A conflict resolution algorithm that can provide automated separation assurance for the next-generation air traffic control system has been developed. The algorithm generates resolution trajectories that can be sent to the aircraft from a ground-based system via a data link. With suitable reconfiguration, the algorithm can also be installed onboard aircraft to support airborne separation assurance. It handles the complete spectrum of conflict types encountered in en-route airspace, including ascents to cruise altitude and descents to arrival fixes. The resolution trajectories are patterned after changes to flight plans (route changes), altitude clearances, and speed profiles that controllers customarily issue to pilots in resolving conflicts.

The algorithm generates 4D resolution trajectories by evaluating successive alternative trial resolution maneuvers. Each conflict is first assigned a type category that determines a set of acceptable trial resolution maneuvers and the preferred maneuver aircraft. Then, a trajectory engine generates a 4D trajectory for each trial maneuver, and an associated conflict detector checks it to ensure it is conflict-free. If it is not, the algorithm examines an alternative maneuver. This iterative process continues until a successful resolution is found. The resolution algorithm has been evaluated in both non-real-time simulation as well as in controller and pilot interactive simulations. It is implemented in software as a JAVA applet. Results from both types of simulations indicate that the algorithm has the potential to resolve conflicts efficiently at significantly higher than current traffic levels.

The algorithm resolves conflicts over the range of operational conditions that a controller resolves by manual procedures in the current system. The algorithm has the ability to resolve conflicts that are predicted to occur as long as 20 minutes and as short as 2 minutes from the time aircraft would lose separation. It handles conflict scenarios ranging from pairs of aircraft in cruise to multiple descending and decelerating aircraft converging onto an arrival fix. Candidate resolution trajectories are accepted only if they resolve both the primary conflict and avoid introducing new conflicts as an unintended byproduct of the resolution. Furthermore, when provided with the positions, altitudes, and flight plans of all traffic in neighboring airspace, the resolutions are constructed to be conflict-free for a specified time interval that can be specified by the user.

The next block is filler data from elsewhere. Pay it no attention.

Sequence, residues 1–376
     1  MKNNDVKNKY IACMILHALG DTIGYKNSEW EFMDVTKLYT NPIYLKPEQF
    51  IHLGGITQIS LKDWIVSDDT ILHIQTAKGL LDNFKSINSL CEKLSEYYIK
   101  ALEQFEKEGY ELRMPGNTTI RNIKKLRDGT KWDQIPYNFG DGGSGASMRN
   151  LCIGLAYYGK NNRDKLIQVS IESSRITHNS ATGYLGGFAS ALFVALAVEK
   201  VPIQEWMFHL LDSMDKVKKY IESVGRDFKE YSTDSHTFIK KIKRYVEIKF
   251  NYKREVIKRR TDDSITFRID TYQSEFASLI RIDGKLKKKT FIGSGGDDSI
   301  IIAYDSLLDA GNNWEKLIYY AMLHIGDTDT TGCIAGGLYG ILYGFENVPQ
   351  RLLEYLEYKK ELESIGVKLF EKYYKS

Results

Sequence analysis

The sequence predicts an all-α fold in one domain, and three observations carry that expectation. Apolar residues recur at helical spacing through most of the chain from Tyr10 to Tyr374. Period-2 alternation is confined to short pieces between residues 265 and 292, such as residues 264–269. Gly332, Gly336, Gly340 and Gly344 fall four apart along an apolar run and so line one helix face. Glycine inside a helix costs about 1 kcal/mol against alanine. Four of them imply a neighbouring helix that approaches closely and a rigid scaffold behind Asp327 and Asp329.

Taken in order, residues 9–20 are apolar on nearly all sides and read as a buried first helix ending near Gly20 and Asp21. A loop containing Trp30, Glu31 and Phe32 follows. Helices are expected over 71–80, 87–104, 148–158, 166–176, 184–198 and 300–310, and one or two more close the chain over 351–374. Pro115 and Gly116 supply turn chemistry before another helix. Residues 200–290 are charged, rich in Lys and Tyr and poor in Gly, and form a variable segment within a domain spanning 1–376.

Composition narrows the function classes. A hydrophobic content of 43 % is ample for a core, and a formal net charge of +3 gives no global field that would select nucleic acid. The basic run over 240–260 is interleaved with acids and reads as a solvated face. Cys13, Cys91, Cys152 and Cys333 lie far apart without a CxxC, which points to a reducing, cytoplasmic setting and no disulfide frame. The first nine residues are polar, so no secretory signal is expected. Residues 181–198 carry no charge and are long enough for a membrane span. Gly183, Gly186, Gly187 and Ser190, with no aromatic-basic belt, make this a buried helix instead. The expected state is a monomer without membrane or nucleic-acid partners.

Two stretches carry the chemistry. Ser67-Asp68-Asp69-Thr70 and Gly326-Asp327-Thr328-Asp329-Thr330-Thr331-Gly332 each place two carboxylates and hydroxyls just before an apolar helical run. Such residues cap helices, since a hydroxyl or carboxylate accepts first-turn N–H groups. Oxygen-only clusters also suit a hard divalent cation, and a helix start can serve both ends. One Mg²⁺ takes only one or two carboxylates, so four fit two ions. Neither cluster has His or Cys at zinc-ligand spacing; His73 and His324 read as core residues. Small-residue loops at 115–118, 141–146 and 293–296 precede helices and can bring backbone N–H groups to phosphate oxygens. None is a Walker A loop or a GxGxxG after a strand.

A significant improvement in the performance and functionality of the resolution algorithm, referred to as the Multi Resolver, was conceived and implemented in software in 2007. This improvement in the algorithm is identified as Version 2. The Multiple Resolver extends the capability of the original algorithm by attempting to generate up to three types of resolutions for each aircraft of a conflict pair. The three types consist of a horizontal, a vertical, and a speed maneuver.

After attempting to generate as many of the six possible resolutions (three types for each aircraft), the Multi Resolver selects the resolution and corresponding aircraft that results in the least delay; however, the least-delay resolution may be overridden by rules that give preference to one or the other aircraft or to a particular resolution. As a result of these rules, a non-minimum delay resolution may be offered as the preferred choice. All available resolutions are saved and are available to the user. Fast time simulation evaluation of the Multi Resolver option has shown a substantial delay reduction compared to the standard original algorithm.

This work was done by Heinz Erzberger of Ames Research Center. This software is available for use. To request a copy, please visit here .

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This article first appeared in the January, 2019 issue of Tech Briefs Magazine.

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